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Otello' review: Tenor David Gustafson in command
By Joshua Kosman
San Francisco Chronicle
There's scarcely any point in tackling this piece without a tenor who is up to the daunting demands of the title role. David Gustafson, in a strong company debut, turned out to be just the singer the production needed, deploying plenty of vocal power in the service of a characterization both noble and pitiably tormented.
He proclaimed his command of the part right from the opening measures, unleashing his brief cry of triumph after the Venetians' naval victory with ringing, precisely placed top notes and ardent phrasing… with stirring and often heroic singing throughout the second and third acts (played without a break).
Read the Otello review in Splash Magazine
Otello Review – West Bay Opera does Moor with Less
By Philip Hodge
Otello (David Gustafson)
David Gustafson has an equally impressive résumé and was entirely convincing as Otello. He is no stranger to WBO, having previously appeared as Calàf in Turandot and as Radames in Aida, so I expected a great performance and I was not disappointed. He brought out the Moor’s tender side in the earlier love duet. In Act II Scene 1 Iago cleverly plays on the paranoid jealousy which, along with his tendency to jump to conclusions, constitutes Otello’s “fatal flaw” of a tragic hero. Gustafson captures all of this in his acting, and his tenor voice is a perfect fit with Skinner‘s booming bass.
Otello (David Gustafson) and Iago (Philip Skinner) vow vengeance against Desdemona and Casio
Read the Otello Review in the San Jose Mercury News
Two companies collaborate on robust Verdi’s ‘Otello’
By Georgia Rowe
Tenor David Gustafson was a vigorous Otello — firm and muscular-sounding in his “Exsultate,” elegant in “Già nella notte” and magnificent in the “Si, pel ciel” duet with his lieutenant, Iago.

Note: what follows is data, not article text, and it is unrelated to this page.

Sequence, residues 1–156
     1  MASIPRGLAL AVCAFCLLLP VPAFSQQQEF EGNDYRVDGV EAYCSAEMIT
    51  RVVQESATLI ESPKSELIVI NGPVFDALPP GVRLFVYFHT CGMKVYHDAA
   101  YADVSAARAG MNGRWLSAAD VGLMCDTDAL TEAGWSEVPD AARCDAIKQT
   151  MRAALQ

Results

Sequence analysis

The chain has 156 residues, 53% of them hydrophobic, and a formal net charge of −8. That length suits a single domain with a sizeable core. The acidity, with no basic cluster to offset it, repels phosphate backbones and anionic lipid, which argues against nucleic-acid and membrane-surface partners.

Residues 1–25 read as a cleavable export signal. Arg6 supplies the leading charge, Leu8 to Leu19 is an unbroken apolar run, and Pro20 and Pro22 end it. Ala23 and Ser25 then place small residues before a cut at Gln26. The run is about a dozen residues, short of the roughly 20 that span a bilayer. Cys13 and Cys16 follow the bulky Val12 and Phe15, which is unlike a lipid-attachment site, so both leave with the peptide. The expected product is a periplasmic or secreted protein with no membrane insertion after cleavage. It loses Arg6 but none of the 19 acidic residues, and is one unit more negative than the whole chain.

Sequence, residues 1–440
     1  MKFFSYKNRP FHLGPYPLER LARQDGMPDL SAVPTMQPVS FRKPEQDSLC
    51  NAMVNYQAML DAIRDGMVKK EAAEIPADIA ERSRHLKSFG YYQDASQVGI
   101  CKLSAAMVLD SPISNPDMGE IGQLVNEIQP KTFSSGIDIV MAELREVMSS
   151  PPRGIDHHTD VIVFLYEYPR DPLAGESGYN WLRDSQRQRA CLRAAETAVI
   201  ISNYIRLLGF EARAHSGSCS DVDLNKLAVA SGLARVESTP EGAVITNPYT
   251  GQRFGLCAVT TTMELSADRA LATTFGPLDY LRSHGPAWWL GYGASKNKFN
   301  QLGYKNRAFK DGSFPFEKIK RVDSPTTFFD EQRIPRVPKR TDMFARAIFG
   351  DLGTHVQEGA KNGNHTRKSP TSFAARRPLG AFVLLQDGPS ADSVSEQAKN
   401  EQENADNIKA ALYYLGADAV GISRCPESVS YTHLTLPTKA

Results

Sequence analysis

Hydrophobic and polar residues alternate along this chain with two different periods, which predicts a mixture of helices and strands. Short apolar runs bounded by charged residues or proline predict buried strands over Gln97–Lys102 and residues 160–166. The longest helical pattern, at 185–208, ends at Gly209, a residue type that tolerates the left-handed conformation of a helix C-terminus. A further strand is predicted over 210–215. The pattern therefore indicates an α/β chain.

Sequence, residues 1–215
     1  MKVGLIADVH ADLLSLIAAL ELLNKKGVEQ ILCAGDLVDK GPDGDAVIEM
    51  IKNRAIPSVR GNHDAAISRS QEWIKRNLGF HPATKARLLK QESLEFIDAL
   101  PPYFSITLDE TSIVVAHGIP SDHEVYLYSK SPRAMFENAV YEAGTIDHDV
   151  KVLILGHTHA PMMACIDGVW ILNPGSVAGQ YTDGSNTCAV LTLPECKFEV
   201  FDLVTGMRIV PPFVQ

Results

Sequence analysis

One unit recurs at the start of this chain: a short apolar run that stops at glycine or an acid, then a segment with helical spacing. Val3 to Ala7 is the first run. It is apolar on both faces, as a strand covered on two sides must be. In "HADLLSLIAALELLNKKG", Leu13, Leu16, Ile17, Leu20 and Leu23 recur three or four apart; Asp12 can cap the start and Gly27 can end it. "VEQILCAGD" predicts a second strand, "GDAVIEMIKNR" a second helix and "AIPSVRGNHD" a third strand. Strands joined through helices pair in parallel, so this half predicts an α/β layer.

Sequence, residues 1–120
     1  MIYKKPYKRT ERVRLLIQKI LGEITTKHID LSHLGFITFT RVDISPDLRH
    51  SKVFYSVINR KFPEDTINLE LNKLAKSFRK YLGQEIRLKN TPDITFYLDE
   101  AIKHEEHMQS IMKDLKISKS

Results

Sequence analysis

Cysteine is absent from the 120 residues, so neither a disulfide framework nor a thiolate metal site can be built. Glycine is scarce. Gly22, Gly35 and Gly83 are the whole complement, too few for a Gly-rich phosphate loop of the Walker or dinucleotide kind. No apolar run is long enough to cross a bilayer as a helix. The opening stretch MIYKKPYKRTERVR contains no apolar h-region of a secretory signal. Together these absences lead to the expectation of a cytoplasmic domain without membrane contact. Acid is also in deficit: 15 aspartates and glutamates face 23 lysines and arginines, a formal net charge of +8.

"David Gustafson's ever-secure Radamès, almost as strong in volume, grew in vocal beauty as the evening progressed. Softening his voice in the final tomb scene to produce tones of surprising warmth, Gustafson was the strongest and best-equipped dramatic tenor I've heard in a Bay Area regional opera production."
Tenor David Gustafson was amazing as Radames, his booming voice maybe even a little bit too big for the intimate Lucie Stern Theater.
Gustafson's lyric-to-beefy tenor was a joy
“Tenor David Gustafson as Prince Calaf led the way with audacious tone and an imposing stage presence. That the princess would give in to him was hardly in question. “
Continue reading on Examiner.com Ardent Music Thaws Turandot's Heart at West Bay Opera - San Jose classical music | Examiner.com http://www.examiner.com/classical-music-in-san-jose/ardent-music-thaws-turandot-s-heart-at-west-bay-opera
“David Gustafson, as Prince Calaf, has a big voice, he is also a heldentenor-in-the-making, and yet he was satisfied just singing beautifully, instead of joining the "look at me how loud I can be" school…. Gustafson's impressive presence — combined with his voice and mastery of the music — will make him a star.”
Tosca: LOV Production Offers Riveting Theater
While the three principals were equally matched in vocal ability and commanding stage presence, the show stopper of the evening was David Gustafson, who got a resounding applause after his big number in the third act, "E lucevan le stele." The role of Cavaradossi calls for a lyric tenor, a not-so-heavy voice with strong high notes. Gustafson has a large voice with deep, robust resonance in the lower register and full-bodied tones in the upper register.
The Independent Thursday March 15, 2012
Alexandra LoBianco (Turandot) and David Gustafson (Calaf)
Photos by Steve DiBartolomeo